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Close-up of sign for electric vehicle charging station on Santana Row in the Silicon Valley, San Jose, California, January 3, 2020. (Photo: Smith Collection/Gado/Getty Images)

'A Half Measure': Critics Warn Biden's Electric Vehicle, Auto Emissions Plan Insufficiently Bold

"Today's proposals just aren't enough to take us where we need to go."

Andrea Germanos

The Biden administration was urged Thursday to pursue more ambitious climate goals ahead of an expected order calling for half of all new vehicles sold in the U.S. by 2030 to be zero-emissions and other proposals to undo Trump administration rollbacks of tailpipe pollution regulations.

“The science is clear," said Union of Concerned Scientists president Johanna Chao Kreilick. "The climate is rapidly warming, and we urgently need to cut emissions to prevent even greater damage in the future. We need a national strategy, and strong clean-car standards must be one piece of that strategy."

 "Unfortunately," she said, "today's proposals just aren't enough to take us where we need to go."

"Biden must read the science and the science says we need 100% of all new car sales to be electric vehicles by no later than 2030."

According to a White House fact sheet, the zero-emissions target includes battery electric, plug-in hybrid electric, and fuel cell electric vehicles. The 50% EV goal, Reuters reported, is not legally binding.

Representatives from U.S. automakers Ford, GM, and Stellantis, as well the United Auto Workers (UAW), are set to join Biden at the White House for the announcement.

The New York Times reported:

The automakers will pledge that 40 to 50% of their new car sales will be electric vehicles by 2030, up from just 2% this year—on the condition that Congress passes a $1 trillion infrastructure bill that calls for $7.5 billion for a national network of electric vehicle charging stations.

"The future of the auto industry is electric—and made in America," Biden tweeted Thursday announcing the goal and "steps to reverse the previous administration's short-sighted rollback of vehicle standards."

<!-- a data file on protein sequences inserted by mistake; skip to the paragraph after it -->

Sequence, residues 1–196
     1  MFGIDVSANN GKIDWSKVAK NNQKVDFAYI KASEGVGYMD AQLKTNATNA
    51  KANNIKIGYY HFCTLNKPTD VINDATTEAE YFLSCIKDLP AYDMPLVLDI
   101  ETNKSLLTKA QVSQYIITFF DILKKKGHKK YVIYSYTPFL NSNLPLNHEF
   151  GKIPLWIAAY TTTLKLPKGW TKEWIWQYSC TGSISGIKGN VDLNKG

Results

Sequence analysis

The White House also announced that the Environmental Protection Agency (EPA) and Department of Transportation are putting forth proposed rulemaking regarding fuel efficiency and emissions standards based on the "California Framework Agreement," a plan that state and automakers reached in 2019.

According to reporting last week by the Associated Press:

The proposed rules would begin with the 2023 car model year, applying California's 2019 framework agreement on emissions standards reached with Ford, Volkswagen, Honda, BMW, and Volvo, according to three of the officials. The California deal increases the mileage standard and cuts greenhouse gas emissions by 3.7% per year.

Requirements ramp up in 2025 to Obama-era levels of a 5% annual increase in the mileage standard and a similar cut in emissions. They then go higher than that for model year 2026, one of the people said, perhaps in the range of 6% or 7%.

"Longer-term, the administration is right that at least half of all new vehicle sales must be electric by the end of the decade," Simon Mui, deputy director for clean vehicles and fuels at NRDC, said in a statement.

"EPA must now move expeditiously to put strong standards in place to ensure automakers deliver on that goal while also slashing pollution from gasoline and diesel vehicles," added Mui, warning that "anything less puts our health and climate at unnecessary risk."

Morgan Folger, campaign director for Environment America's Destination: Zero Carbon, said that although the "proposal is headed in a better direction... the Biden administration can and should be more ambitious."

She pointed to recent climate-fueled extreme weather events as evidence Biden should pursue bolder measures, and noted that "the Obama-Biden administration took the strongest federal action to reduce global warming pollution in history, only to be stalled out by the automakers reneging on their promise."

"As pollution increased over the past half-decade, the wildfire season has lengthened and grown more intense, coastal communities have been torn apart by destructive hurricanes fueled by warmer oceans, and inland communities have seen more than their fair share of 100-year floods," said Folger. "We can't turn back the clock five years, so we have to go even faster to zero out pollution from our cars and trucks and solve this climate crisis."

The Sunrise Movement and UCS's Kreilick also raised concerns with the 2030 goal.

Kreilick, for example, asserted that "automakers can meet a higher standard, and we also know we can't rely on them to meet purely voluntary commitments."

Varshini Prakash, executive director of Sunrise Movement, was unequivocal in her criticism. “Let’s be clear," she said, "Biden's electric vehicle goal is not a win. It's a half measure."

"Biden isn't leading the transition to zero emissions when he's lagging behind corporate America and the 11 other countries who have set targets to achieve 100% zero emissions vehicle sales by or before 2030," said Prakash.

"If we are still selling gas cars in 2030," she said that "they'll be on the road for another 10, 15, 20 years—long after his presidency and well into our already unstable futures."

"Biden must read the science," said Prakash, "and the science says we need 100% of all new car sales to be electric vehicles by no later than 2030."

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